December 20, 2009

At long last, writer Jon Shirota receives well-deserved accolades

Jon Shirota currently lives in
California with his wife.
Jon Shirota's family immigrated to Hawaii from Okinawa early in the 20th century. He was still in high school when the Japanese attacked Pearl Harbor. As soon as he was old enough, Jon joined the American Army and served in occupied Japan after the war. James Jones' blockbuster novel, From Here to Eternity, about pre-war Hawaii, the peacetime Army and the attack on Pearl Harbor influenced Jon's desire to become a writer.
Finally, after three years of corresponding with Jones' mentor, Lowney Handy, Jon became the last member of The Handy Writers Colony in Marshall, Ill., where he wrote Lucky Come Hawaii, an account of the days leading up to the attack on Pearl Harbor and the response of those of Japanese ancestry. It's a worthy novel.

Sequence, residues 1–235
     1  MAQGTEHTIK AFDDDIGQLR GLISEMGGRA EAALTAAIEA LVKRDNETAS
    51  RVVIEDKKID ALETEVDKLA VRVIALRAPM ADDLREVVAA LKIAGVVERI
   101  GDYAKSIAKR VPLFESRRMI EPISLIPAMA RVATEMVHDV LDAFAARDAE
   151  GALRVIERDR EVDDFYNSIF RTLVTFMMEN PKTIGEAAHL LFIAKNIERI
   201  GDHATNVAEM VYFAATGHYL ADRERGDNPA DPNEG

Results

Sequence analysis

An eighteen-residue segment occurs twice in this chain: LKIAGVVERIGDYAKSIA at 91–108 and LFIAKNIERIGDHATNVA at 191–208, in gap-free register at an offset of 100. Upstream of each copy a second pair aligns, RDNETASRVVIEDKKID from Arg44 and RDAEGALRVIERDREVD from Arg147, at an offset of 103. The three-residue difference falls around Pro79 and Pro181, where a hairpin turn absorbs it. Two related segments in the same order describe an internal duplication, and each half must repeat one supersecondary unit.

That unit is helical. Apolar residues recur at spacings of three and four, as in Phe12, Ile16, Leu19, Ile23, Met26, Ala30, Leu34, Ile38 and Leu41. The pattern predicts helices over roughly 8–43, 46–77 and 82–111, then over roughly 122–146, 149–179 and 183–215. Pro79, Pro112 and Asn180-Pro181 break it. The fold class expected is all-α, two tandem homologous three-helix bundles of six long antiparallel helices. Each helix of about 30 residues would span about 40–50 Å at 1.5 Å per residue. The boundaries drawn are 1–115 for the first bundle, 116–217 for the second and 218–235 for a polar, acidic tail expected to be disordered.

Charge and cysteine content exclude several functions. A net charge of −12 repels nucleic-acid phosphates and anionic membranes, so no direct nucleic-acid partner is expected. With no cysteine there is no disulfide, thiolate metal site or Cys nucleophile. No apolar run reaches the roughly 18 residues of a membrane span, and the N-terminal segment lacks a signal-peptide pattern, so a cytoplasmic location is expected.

Since its publication, Jon has written other novels and several plays which have been produced both in the U.S. and in Okinawa. Now in his 80s, Jon continues to write and travel to Hawaii, Okinawa and Japan, where his books and plays have been produced and re-issued in both English and Japanese. A longtime member of the James Jones Literary Society, Jon and his wife, Barbara, who spent part of her youth in an internment camp during World War II, gave the first James Jones Lecture at Eastern Illinois University in Charleston, Ill., that is being presented annually while money is being raised for the endowment for The James Jones Chair in World War II Studies.
I'm posting the following brief essay so you may know a bit more about about a writer and playwright who is now beginning to receive the accolades he so richly deserves.


A barefoot boy of Japanese descent

invited to speak at a university that wouldn't accept him